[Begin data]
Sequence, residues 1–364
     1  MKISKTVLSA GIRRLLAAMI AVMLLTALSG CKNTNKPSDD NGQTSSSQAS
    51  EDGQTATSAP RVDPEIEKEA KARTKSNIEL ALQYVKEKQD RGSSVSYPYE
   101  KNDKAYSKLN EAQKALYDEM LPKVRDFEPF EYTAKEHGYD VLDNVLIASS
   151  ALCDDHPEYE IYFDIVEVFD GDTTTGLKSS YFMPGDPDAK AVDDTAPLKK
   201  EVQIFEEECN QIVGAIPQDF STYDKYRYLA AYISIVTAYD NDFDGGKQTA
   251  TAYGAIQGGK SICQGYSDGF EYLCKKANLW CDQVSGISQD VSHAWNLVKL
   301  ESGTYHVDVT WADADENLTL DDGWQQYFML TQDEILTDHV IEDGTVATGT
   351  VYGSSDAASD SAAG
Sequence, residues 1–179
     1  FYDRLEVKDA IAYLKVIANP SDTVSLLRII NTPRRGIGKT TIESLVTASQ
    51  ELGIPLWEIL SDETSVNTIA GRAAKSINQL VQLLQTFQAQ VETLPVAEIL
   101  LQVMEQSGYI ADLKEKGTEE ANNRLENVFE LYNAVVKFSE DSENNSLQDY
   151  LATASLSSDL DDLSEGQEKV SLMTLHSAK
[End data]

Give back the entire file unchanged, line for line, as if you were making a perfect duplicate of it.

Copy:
Sequence, residues 1–364
     1  MKISKTVLSA GIRRLLAAMI AVMLLTALSG CKNTNKPSDD NGQTSSSQAS
    51  EDGQTATSAP RVDPEIEKEA KARTKSNIEL ALQYVKEKQD RGSSVSYPYE
   101  KNDKAYSKLN EAQKALYDEM LPKVRDFEPF EYTAKEHGYD VLDNVLIASS
   151  ALCDDHPEYE IYFDIVEVFD GDTTTGLKSS YFMPGDPDAK AVDDTAPLKK
   201  EVQIFEEECN QIVGAIPQDF STYDKYRYLA AYISIVTAYD NDFDGGKQTA
   251  TAYGAIQGGK SICQGYSDGF EYLCKKANLW CDQVSGISQD VSHAWNLVKL
   301  ESGTYHVDVT WADADENLTL DDGWQQYFML TQDEILTDHV IEDGTVATGT
   351  VYGSSDAASD SAAG
Sequence, residues 1–179
     1  FYDRLEVKDA IAYLKVIANP SDTVSLLRII NTPRRGIGKT TIESLVTASQ
    51  ELGIPLWEIL SDETSVNTIA GRAAKSINQL VQLLQTFQAQ VETLPVAEIL
   101  LQVMEQSGYI ADLKEKGTEE ANNRLENVFE LYNAVVKFSE DSENNSLQDY
   151  LATASLSSDL DDLSEGQEKV SLMTLHSAK